“In terms of reforesting the country, cocoa is one of the best crops you can use,” said Ralph Denize, of FOMIN (Multilateral Investment Fund) in a phone call. FOMIN is partnering with Catholic Relief Services, a financier Root Capital and the Swiss Government to help expand and strengthen Haiti’s cocoa industry.
Haiti currently exports only 4,000 metric tons of cocoa per year, a big drop from its peak of 20,000 metric tons in the 1960s and far less than neighboring Dominican Republic, which exported 70,000 metric tons in 2014.
Gilbert Gonzales, inside the cocoa fermentation facility at the company he founded Produits de Iles S.A. (PISA), in the north of Haiti.
Revitalizing the industry is one way to help expand Haiti’s forest cover.
And here is where your choice of chocolate bar comes in.
The vast majority of Haiti’s cocoa beans are sold and exported in their raw, unprocessed state for mass-produced chocolate. Farmers earn very little for that and it’s one of the reasons why cocoa production has dropped in Haiti. A quasi-monopoly buyer has also kept prices paid to Haitian farmers low.
Fermented or processed, beans are what dark chocolate and specialty chocolate bars are made from and they can earn farmers up to twice as much.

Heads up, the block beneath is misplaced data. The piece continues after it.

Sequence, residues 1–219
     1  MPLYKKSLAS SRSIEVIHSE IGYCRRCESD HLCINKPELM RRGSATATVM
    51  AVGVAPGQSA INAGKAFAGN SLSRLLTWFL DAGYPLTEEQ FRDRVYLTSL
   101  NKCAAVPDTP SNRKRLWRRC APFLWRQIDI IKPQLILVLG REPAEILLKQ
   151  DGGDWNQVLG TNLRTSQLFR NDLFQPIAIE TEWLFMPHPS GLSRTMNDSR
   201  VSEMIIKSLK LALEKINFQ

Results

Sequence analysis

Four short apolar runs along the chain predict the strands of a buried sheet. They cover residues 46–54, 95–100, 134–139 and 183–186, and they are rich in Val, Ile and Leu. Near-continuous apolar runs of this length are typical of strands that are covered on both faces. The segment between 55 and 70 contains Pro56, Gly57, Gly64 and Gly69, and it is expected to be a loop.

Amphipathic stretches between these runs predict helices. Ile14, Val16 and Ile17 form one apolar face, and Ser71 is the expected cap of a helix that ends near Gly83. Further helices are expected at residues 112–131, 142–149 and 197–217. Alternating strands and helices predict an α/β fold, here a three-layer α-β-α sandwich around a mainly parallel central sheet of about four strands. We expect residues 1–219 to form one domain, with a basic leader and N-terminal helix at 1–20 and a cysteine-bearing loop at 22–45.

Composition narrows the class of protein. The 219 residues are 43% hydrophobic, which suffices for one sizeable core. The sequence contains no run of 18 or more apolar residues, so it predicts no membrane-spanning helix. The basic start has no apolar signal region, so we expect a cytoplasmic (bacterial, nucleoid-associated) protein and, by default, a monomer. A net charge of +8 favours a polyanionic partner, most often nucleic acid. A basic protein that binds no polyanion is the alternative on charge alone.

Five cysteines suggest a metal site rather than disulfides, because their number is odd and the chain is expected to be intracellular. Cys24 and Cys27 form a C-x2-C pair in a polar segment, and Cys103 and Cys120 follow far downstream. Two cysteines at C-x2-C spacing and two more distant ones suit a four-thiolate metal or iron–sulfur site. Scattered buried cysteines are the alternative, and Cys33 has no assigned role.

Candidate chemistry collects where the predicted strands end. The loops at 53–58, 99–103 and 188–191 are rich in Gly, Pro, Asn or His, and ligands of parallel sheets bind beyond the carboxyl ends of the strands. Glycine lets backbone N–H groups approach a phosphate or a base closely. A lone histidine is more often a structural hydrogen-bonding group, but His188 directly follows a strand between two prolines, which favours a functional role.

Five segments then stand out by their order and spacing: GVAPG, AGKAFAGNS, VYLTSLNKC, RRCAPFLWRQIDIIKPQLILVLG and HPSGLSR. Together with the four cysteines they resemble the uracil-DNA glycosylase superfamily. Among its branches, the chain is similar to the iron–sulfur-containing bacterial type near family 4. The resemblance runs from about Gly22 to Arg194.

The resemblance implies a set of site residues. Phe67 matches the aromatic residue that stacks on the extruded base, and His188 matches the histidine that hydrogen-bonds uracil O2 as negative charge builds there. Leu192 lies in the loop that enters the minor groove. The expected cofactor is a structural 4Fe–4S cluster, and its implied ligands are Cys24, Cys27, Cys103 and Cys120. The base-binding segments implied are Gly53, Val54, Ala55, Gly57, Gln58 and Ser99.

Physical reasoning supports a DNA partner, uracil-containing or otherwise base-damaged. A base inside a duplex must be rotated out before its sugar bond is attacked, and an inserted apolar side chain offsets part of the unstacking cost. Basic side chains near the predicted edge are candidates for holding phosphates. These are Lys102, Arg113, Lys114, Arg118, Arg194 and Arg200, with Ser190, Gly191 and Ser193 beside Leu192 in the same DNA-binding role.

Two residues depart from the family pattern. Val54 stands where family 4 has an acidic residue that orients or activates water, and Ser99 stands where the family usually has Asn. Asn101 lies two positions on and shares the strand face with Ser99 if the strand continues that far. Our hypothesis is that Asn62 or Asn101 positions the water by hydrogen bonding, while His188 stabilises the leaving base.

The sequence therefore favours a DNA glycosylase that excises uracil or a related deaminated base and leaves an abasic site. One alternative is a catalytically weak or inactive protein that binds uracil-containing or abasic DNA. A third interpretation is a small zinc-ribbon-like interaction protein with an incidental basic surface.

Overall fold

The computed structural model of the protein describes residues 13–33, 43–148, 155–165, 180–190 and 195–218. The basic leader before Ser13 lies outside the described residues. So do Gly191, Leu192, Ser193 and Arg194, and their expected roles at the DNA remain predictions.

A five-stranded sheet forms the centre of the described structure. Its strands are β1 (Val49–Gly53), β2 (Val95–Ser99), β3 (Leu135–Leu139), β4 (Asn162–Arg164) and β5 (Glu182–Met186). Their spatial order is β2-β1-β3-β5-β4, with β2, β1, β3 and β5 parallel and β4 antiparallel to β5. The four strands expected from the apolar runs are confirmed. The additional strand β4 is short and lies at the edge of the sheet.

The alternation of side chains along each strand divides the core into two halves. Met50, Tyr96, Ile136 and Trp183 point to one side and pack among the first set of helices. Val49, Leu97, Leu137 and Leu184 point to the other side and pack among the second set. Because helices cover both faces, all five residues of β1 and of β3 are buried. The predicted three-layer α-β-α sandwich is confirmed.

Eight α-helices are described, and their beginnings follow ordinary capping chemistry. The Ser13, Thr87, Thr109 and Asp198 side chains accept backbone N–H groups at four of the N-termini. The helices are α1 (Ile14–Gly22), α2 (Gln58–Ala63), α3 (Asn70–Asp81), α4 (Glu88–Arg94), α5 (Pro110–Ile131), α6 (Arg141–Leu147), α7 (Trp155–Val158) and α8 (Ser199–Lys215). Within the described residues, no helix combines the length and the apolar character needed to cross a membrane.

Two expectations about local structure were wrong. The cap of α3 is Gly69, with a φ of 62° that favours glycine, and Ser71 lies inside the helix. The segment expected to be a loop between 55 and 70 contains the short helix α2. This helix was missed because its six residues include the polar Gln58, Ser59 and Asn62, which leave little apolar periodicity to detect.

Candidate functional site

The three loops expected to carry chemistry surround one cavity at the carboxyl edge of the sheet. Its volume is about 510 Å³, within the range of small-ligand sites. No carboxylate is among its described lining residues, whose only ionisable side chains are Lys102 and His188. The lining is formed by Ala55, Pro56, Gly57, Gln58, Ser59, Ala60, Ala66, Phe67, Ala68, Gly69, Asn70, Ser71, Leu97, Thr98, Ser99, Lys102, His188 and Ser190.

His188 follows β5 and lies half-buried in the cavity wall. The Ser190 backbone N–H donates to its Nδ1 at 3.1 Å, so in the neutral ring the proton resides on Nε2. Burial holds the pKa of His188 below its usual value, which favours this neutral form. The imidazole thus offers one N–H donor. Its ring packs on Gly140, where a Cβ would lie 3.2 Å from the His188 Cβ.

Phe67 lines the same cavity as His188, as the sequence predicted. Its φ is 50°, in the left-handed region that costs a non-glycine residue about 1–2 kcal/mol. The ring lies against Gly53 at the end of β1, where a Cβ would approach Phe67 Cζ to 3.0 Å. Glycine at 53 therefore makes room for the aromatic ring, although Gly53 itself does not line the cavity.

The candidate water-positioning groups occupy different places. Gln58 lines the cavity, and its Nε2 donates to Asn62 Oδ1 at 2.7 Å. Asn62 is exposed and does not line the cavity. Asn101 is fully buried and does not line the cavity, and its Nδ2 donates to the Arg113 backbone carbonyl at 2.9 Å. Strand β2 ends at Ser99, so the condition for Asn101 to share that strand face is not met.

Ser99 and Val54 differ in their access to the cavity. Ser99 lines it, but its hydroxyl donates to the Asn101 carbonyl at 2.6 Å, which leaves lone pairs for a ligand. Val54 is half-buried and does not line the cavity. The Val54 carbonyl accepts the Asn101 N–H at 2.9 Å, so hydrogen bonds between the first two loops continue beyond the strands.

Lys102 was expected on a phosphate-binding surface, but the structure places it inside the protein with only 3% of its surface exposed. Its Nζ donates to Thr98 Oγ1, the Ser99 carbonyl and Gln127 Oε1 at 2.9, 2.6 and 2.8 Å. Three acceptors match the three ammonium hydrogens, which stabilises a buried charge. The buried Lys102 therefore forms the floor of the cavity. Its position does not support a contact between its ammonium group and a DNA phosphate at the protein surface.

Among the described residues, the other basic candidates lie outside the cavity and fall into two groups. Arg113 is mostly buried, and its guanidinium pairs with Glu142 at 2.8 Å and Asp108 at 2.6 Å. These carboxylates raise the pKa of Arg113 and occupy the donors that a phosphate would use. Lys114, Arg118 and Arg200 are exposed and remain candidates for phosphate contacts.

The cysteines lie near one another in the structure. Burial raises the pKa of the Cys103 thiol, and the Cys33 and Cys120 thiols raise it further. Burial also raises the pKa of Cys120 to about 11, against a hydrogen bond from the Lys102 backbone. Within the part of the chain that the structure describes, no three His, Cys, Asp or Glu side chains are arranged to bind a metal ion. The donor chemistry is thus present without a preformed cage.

To date, however, there are scant few fermentation processing facilities in the country where Haitian farmers can bring their beans.
Now different players in the cocoa industry are working to expand that fermentation capacity, from private companies and farmer cooperative associations to specialty chocolate manufacturers and financiers. They aim to rebuild Haiti’s cocoa industry while providing farmers with a better life.
Taza Chocolate’s single origin Haitian chocolate bar.
“Moving from unfermented to fermented cocoa is about keeping the value added in the country,” Denize told me.
And that in turn motivates farmers like Phelizor to take good care of their trees. Phelizor says in fact that he is “doing real business with his cocoa trees” now that he’s selling into the specialty market.
If you buy a standard issue milk chocolate bar, you’re likely eating a blend of cocoa beans from different countries, with a lot of sugar and fillers to boot. If you buy what’s known as a “single origin,” specialty chocolate bar you can actually select where the cocoa beans were grown. And if you’re a chocolate connoisseur, you can pick the flavor, as each origin has distinctive notes, much like wine and coffee.
You can do that now for Haiti, which happens to produce an exquisite chocolate flavor, with fruity notes, owing to its prized cocoa varietals. The first chocolate manufacturer in the U.S. to produce and market a single origin bar, with 84 percent Haitian cocoa beans, is Taza Chocolate. Taza is the pioneer, but we can expect to see more chocolate bars marketed with Haitian cocoa, as Uncommon Cacao, a broker that sells to many specialty chocolate manufacturers, has recently entered Haiti’s market.
So the next time you buy a chocolate bar, think about choosing one made with Haitian cocoa and make a small contribution toward helping to reforest the country while improving impoverished farmers lives.